The Pediatric Section of Chronic Disease offers comprehensive services for children with chronic illnesses and long-term disabilities, including cerebral palsy, Down syndrome, asthma, chronic pulmonary diseases, sickle cell disease, failure to thrive and diabetes. The section also includes comprehensive child abuse/child trauma and children’s advocacy center programs.
The section’s goal is to manage the physical and emotional problems associated with complex chronic disease in children and adolescents so that they may reach their full potential.
Using multidisciplinary care teams, clinical services are provided to children and adolescents with a number of chronic conditions, including the following:
- Cerebral palsy
- Down syndrome
- Chronic pulmonary diseases
- Ventilator management
- Failure to thrive
- NICU Follow Up Clinic and Premier Kid Program
- Psychological services for trauma and maltreatment cases
- Obesity/weight management
- Diabetes mellitus
- Sickle Cell Disease
- Nephrologic complications of diabetes mellitus and sickle cell disease
- Enuresis, encopresis and incontinence
Most of these clinical services are located at La Rabida Children’s Hospital. In addition to providing psychological services to children coping with chronic conditions, the Behavioral Sciences Department also provides care and support to young victims of physical abuse, sexual abuse and neglect and also serves children and adolescents in the Burn Center at the University of Chicago Medicine. The Children’s Advocacy Center in Park Forest performs forensic interviewing for sexually abused children and provides diagnoses and therapies for them. The La Rabida Chicago Child Trauma Center on Stony Island Avenue provides diagnostic and therapeutic services for children exposed to both physical and psychological trauma. This Center is a member of the National Child Traumatic Stress Network.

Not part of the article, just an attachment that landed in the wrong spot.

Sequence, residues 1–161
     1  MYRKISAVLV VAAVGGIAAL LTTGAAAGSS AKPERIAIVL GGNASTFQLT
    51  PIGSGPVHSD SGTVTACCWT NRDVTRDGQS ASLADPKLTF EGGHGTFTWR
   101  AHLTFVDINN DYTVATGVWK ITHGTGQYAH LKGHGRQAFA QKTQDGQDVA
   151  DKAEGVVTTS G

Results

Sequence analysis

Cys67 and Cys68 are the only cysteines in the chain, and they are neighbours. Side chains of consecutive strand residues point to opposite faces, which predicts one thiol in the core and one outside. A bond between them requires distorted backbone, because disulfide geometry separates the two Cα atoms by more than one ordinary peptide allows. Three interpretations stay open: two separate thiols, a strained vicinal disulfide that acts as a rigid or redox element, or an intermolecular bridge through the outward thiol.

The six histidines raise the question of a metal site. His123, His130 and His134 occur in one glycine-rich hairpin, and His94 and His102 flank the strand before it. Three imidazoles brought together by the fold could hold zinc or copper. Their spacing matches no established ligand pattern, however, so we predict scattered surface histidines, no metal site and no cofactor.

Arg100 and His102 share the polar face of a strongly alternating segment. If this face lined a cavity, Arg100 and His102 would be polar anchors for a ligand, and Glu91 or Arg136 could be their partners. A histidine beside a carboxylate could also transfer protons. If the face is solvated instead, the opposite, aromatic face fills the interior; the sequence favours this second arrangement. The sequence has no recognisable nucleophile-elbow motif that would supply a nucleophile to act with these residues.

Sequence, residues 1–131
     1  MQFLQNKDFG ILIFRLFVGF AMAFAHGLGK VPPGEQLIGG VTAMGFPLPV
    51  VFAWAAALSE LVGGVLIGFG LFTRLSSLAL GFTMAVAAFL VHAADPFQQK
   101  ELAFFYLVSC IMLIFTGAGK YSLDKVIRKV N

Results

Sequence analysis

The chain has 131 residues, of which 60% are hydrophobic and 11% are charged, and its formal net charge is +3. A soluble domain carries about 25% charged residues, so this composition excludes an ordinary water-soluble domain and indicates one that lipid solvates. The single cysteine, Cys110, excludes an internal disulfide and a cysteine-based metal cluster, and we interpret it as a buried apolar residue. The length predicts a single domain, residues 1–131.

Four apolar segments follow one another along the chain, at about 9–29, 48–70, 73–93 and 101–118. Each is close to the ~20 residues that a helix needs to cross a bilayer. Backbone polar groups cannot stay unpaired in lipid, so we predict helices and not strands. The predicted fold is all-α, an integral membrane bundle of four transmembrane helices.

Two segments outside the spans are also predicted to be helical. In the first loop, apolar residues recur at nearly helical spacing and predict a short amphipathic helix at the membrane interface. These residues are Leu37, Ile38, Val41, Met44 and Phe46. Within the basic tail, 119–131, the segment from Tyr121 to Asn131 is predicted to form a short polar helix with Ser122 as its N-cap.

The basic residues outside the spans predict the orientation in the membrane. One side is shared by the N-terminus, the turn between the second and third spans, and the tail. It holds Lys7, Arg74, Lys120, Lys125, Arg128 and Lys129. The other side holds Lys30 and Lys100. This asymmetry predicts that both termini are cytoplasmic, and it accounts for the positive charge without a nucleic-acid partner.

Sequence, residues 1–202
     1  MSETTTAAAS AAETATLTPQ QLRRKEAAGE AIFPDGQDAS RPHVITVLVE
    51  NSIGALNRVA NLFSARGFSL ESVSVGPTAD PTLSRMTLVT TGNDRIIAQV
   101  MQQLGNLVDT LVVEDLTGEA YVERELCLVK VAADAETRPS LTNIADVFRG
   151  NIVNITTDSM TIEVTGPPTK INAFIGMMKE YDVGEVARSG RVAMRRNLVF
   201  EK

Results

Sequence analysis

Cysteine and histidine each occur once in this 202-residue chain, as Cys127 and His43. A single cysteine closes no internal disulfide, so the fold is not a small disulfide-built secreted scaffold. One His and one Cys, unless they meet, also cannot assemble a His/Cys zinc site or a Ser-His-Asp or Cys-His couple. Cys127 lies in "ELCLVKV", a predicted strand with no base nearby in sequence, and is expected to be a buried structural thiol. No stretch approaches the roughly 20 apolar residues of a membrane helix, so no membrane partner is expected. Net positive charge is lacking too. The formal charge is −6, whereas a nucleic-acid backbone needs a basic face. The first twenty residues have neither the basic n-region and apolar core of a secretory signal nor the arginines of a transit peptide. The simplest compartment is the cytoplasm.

The Chicago Children’s Diabetes Center has programs at La Rabida Children’s Hospital. This unique Center offers thorough diagnosis and evaluation, medical management, nutritional support programs, personalized counseling and family education.
The Sickle Cell Disease program addresses the special needs of families affected by all types of sickle cell disease, including sickle cell anemia, sickle C disease, and sickle-beta thalassemia conditions. Services such as genetic counseling, disease management, and pain management are provided.
Clinical services are provided for ventilator-dependent children, both while they are in the hospital and when they are transitioning to their home environment. The NICU Follow Up Clinic and Premier Kid Program is in conjunction with the University of Chicago program and provides multidisciplinary primary and specialty care, education and assistance to families with twins, triplets and babies with premature birth.